13 Jun 5 Design Trends That Were Everywhere at NeoCon 2019
Business casual is taking on a whole new meaning in today’s workplace. Like our workforce, our physical workplace is expected to be flexible, productive, well-connected, and mindful of our health and wellness. Those trends were definitely reinforced at this year’s NeoCon, the contract furnishing industry’s trade show that hosts more than 50,000 design professionals eager to see the latest ideas and introductions that will shape the built environment of tomorrow.
We’ve consistently been seeing a cultural shift from the traditional hierarchical office setups in favor of a more egalitarian atmosphere. From the continued need to accommodate privacy in open floor plans to being mindful of the health of our spaces, today’s workspaces require flexibility and creativity. Here, AD PRO shares the biggest trends we spotted among the 500 companies and thousands of lines that showed at Chicago’s the Mart in June.
New Developments in Ergonomics
Businesses realize that in order to attract key talent, including wellness-oriented millennials, employee health needs to be considered. This includes healthier office spaces. As one now expects to find in the contract space, there were plenty of ergonomic chairs and desks that prevent slouching and pain often caused by hours spent at a desk or looking at mobile devices.
To accommodate a number of workspaces and workstyles, including the need for impromptu breakout spaces, several companies introduced dynamic seating solutions, including a fair number of stools. Humanscale introduced its Alto stool, designed by legendary designer Don Chadwick, who is known for his work in ergonomics and seating designs. Davis Furniture debuted the Muse bar stool by designer duo Jehs+Laub, a sophisticated sculptural barstool whose silhouette embraces the body of its sitter.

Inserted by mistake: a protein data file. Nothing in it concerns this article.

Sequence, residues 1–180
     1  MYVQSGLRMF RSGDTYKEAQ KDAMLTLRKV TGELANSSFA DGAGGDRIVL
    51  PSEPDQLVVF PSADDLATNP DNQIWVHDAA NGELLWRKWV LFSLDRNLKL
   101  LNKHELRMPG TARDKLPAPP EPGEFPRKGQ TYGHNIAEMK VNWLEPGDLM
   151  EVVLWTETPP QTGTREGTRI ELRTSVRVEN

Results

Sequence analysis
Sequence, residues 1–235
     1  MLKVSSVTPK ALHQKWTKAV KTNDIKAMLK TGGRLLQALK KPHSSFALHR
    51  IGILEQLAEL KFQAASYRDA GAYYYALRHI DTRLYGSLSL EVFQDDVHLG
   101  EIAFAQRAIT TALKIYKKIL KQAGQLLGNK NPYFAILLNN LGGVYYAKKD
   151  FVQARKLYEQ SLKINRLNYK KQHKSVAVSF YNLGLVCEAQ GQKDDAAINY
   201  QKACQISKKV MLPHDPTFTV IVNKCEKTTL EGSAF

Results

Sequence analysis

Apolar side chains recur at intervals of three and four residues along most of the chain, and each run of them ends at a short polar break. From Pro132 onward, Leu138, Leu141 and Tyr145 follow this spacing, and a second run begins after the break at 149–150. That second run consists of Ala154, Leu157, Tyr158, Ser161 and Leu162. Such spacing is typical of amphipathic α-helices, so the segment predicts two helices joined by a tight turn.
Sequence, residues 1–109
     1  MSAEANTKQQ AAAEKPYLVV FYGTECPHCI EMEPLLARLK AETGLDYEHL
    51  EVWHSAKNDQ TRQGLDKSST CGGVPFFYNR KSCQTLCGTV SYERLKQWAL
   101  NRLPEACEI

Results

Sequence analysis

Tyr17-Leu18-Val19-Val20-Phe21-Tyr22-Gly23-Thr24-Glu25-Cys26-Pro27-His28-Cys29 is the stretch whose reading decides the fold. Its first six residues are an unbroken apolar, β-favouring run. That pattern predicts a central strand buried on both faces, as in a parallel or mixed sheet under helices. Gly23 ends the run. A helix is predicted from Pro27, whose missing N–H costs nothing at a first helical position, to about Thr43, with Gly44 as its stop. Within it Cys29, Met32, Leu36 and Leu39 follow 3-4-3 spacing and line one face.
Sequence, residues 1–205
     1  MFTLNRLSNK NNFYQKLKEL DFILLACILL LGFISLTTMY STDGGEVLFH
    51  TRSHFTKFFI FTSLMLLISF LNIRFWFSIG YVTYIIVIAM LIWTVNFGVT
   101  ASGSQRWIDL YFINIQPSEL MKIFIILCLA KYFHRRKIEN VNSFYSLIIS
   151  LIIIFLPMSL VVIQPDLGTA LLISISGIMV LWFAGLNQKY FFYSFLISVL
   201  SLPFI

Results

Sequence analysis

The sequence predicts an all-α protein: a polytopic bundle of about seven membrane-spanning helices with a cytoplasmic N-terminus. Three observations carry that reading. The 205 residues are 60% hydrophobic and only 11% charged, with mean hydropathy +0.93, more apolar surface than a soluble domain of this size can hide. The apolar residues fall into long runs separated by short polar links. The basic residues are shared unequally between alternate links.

The new Slade chair from Frasch is an acoustical piece made using recycled water bottles. Inspired by Santa’s sleigh, this version features wheels that allow it to easily be moved. While multiple seating introductions incorporate plugins for electronics, lighting is making strides in the charging space, too. The Atlas Light Pendant, designed by Most Modest and available through Hightower, features a USB port to charge digital devices.
Biophilic design continues to pop into our workspaces as studies show nature-influenced design can reduce stress levels, positively improve our mood, and help increase our productivity. The Naava Healthtech Green Wall brings workers into contact with nature through its living wall, which can serve as a clever divider, and will be available as early as this summer.
Along with the real thing, nature made a strong showing in the form of leaf-shaped acoustic solutions, moss-hued products, and similarly green-minded products. Slalom’s OASIS features a palm tree–like sculpture complete with recycled P.E.T. felt leaves. The structure can be easily moved to create acoustic shelters and includes the integration of plug-ins such as tables and charging units for electronic devices. Acoustic design company Luxxbox made its NeoCon debut this week with its Waffle Leaves and other noise-management tools. The freestanding and leaf-shaped Waffle Leaves are designed to help increase productivity by lessening noise. Snowsound revealed its Botanica design by Mario Trimarchi. Whether it’s the wall, ceiling-mounted, or freestanding version, each is composed of a decorative leaf-shaped sound-absorbing panel made with patented technology and held by a chrome metal support.
Tackling Noise and Lack of Privacy